10 minute read | June.08.2023
Greenhouse Gas Protocol is a partnership between the World Resources Institute and the World Business Council for Sustainable Development.
Currently, it is considering revisions to several aspects of the protocol — including the corporate accounting and reporting standard, the Scope 2 guidance and the Scope 3 standard.
These standards are widely used by companies and other organizations to measure and report GHG emissions. Many global reporting and certification bodies — like the CDP, formerly the Carbon Disclosure Project, used by 18,000 entities worldwide, and the Science-Based Targets Initiative — promote or require their use.
The GHG Protocol standards also have been directly or indirectly endorsed by governmental authorities — including the U.S. Environmental Protection Agency, the U.S. Securities and Exchange Commission, the Federal Trade Commission and the European Union's Corporate Sustainability Reporting Directive — for use in regulatory regimes.
With respect to its Scope 2 guidance, among other revisions, GHG Protocol is currently considering potential changes to market-based and location-based accounting standards for disclosure of Scope 2 emissions.
The issue is an important one — especially for entities that publicly disclose GHG emissions and net-zero targets using these accounting methods. This article focuses on these potential changes.
The EPA defines "Scope 2 emissions" as indirect emissions associated with the purchase of energy to fuel a company's operations — e.g., electricity, steam, heat or cooling. An organization's actual Scope 2 emissions will vary, depending on the mix of renewable energy supplied through the local power grid.
For example, in the U.S., some utility grids have a high mix of renewable power — e.g., those with renewable portfolio standards — while others rely heavily on fossil fuels with a high carbon content, such as petroleum products and coal.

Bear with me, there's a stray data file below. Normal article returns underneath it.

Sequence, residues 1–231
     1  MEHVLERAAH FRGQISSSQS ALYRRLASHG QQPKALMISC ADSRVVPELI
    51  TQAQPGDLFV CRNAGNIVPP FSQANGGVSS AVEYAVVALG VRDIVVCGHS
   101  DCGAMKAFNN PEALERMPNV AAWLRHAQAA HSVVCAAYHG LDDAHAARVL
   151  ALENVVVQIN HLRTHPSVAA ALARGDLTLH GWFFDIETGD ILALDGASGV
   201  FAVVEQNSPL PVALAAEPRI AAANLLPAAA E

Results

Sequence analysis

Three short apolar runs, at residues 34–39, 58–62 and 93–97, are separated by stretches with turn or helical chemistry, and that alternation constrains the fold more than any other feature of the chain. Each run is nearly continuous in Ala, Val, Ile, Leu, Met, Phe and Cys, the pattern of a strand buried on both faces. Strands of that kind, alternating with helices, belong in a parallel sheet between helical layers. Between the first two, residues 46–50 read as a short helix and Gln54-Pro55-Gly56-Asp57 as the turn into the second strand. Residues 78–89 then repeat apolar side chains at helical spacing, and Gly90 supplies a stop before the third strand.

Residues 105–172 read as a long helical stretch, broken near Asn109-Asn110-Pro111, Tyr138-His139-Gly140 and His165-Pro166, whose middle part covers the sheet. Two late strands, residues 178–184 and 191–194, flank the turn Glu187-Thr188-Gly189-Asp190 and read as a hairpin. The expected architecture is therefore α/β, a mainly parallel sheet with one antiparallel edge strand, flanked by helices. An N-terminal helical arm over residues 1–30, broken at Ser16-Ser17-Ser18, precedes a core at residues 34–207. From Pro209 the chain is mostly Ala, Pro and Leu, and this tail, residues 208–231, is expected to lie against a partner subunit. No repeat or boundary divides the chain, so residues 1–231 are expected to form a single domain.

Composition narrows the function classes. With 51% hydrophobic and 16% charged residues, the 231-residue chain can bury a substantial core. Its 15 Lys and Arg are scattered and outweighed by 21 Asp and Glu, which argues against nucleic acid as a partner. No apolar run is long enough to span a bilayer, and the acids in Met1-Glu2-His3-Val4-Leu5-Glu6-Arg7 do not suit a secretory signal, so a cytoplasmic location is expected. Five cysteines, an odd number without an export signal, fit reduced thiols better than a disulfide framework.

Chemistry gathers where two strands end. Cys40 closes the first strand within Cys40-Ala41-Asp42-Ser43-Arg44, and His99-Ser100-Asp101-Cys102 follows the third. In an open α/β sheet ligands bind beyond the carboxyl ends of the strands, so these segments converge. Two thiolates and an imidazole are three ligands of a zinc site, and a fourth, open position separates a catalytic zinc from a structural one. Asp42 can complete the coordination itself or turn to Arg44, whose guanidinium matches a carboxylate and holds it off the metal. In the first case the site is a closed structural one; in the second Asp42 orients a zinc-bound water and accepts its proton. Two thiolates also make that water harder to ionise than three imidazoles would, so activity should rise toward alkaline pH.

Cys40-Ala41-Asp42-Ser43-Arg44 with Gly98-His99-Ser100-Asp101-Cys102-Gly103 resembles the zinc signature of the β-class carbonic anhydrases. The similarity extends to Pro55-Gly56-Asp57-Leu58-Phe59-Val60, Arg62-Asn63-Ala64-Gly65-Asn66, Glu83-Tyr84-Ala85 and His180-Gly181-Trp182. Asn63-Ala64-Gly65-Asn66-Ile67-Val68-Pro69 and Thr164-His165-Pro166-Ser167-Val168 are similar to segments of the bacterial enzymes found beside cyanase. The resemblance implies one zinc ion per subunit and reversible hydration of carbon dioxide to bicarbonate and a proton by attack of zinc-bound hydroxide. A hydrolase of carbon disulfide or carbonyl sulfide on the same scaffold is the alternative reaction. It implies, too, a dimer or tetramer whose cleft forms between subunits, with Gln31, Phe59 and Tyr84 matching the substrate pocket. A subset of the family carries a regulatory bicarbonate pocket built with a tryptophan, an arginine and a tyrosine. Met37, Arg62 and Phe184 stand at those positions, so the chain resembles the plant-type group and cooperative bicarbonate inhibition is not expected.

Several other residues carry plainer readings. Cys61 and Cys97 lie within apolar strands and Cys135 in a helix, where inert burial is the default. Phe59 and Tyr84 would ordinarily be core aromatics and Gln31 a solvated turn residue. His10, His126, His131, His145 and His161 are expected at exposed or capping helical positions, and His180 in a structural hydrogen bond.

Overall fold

To meet GHG emission goals or targets — or for other reasons, such as to respond to customer demands or support the financing of renewable energy projects — many organizations purchase the right to claim renewable power use through legal instruments called renewable energy credits.
In the U.S., an REC typically confers the right to claim ownership of the environmental benefits, including the associated GHG emissions, of one megawatt-hour of renewable electricity.
Many organizations use RECs from solar and wind projects, which do not emit GHGs during energy generation, to offset emissions from nonrenewable — e.g., traditional fossil fuel — energy use. RECs can be bought and sold unbundled from the energy generated, meaning that the project owner can sell the energy and the RECs to different consumers.
The Scope 2 guidance provides two distinct accounting methods for calculating GHG emissions.
There are many nuances to the methods. But for purposes of this article, the important thing to note is that market-based accounting allows an organization to use market-based instruments — such as unbundled RECs or renewable energy power purchase agreements — to report on Scope 2 emissions.
This can be done even if the energy flow from the renewable facility is not actually used by the organization. For example, using the market-based method, an organization could use RECs generated by a solar project in California as credits against energy generated by fossil fuel at a facility in West Virginia.